KINANGOP, Kenya — Simon Joakim Kiiru remembers a time not long ago when familiar birdsongs filled the air here and life was correlated with bird sightings. His lush, well-tended homestead is in the highlands next to the Aberdare National Park, one of the premier birding destinations in the world.
When the hornbill arrived, Mr. Kiiru recalled, the rains were near, meaning that it was time to plant. When a buzzard showed a man his chest, it meant a visitor was imminent. When an owl called at night, it foretold a death.
“There used to be myths because these are our giants,” said Mr. Kiiru, 58. “But so many today are gone.”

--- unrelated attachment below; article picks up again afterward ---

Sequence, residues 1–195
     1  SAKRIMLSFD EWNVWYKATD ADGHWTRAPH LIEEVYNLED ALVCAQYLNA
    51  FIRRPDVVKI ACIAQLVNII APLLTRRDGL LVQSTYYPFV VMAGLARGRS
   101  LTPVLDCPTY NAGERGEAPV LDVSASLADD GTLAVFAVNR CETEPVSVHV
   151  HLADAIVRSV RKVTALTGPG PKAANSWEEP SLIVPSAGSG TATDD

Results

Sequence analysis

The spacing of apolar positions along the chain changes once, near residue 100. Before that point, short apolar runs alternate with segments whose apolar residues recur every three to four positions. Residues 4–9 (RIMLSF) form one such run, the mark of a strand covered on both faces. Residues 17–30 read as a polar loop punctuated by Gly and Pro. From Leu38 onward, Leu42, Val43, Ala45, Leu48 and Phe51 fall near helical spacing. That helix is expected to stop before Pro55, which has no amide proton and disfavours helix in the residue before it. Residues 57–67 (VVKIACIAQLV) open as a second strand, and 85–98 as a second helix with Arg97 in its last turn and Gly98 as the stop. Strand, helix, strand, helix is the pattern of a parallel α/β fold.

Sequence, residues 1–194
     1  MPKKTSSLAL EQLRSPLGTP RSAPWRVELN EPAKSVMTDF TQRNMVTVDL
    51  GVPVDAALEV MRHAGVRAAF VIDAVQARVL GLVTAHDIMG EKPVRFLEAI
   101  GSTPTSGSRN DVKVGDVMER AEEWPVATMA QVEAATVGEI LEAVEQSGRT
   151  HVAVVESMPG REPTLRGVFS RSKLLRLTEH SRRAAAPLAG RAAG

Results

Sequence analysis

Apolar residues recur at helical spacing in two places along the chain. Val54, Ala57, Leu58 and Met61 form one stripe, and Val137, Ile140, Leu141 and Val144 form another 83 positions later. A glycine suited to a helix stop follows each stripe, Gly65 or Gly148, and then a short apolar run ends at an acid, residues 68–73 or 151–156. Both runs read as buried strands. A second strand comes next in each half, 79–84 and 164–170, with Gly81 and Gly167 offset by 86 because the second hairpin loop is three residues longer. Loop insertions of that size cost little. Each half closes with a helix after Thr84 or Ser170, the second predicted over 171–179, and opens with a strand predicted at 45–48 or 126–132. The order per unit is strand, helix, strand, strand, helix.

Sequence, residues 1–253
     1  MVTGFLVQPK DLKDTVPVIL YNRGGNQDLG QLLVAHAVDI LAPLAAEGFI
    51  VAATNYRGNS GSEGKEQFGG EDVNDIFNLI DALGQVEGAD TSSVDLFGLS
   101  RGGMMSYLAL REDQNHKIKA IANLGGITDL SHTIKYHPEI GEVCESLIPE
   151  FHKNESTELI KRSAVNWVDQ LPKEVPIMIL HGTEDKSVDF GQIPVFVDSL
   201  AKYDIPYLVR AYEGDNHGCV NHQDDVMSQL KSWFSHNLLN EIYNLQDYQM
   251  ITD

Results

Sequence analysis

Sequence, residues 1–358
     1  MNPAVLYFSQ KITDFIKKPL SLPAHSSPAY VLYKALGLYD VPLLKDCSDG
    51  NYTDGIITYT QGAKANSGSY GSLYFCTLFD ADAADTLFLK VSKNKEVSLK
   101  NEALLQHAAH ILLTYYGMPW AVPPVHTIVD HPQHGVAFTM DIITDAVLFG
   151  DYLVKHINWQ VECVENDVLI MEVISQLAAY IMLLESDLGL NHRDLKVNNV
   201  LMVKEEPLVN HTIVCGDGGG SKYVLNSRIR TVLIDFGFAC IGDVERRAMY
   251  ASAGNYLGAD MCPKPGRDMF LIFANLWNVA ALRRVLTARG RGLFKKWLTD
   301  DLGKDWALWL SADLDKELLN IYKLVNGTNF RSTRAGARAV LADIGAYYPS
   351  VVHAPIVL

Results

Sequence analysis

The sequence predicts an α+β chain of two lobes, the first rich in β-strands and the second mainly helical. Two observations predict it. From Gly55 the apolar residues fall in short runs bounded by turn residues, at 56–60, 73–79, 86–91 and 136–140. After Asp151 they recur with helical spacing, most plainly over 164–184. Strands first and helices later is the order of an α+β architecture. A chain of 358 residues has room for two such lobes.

Over the past two decades, an increasing number of settlers who have moved here to farm have impinged on bird habitats and reduced bird populations by cutting down forests and turning grasslands into fields. Now the early effects of global warming and other climate changes have helped send the populations of many local mountain species into a steep downward spiral, from which many experts say they will never recover.
Climate change is real, it is happening, and it is happening fast.
Over the next 100 years, many scientists predict, 20 percent to 30 percent of species could be lost if the temperature rises 3.6 degrees to 5.4 degrees Fahrenheit. If the most extreme warming predictions are realized, the loss could be over 50 percent, according to the United Nations climate change panel.
Read more over on the NYTimes: For Many Species, No Escape as Temperature Rises
Photo Credit: digitalART2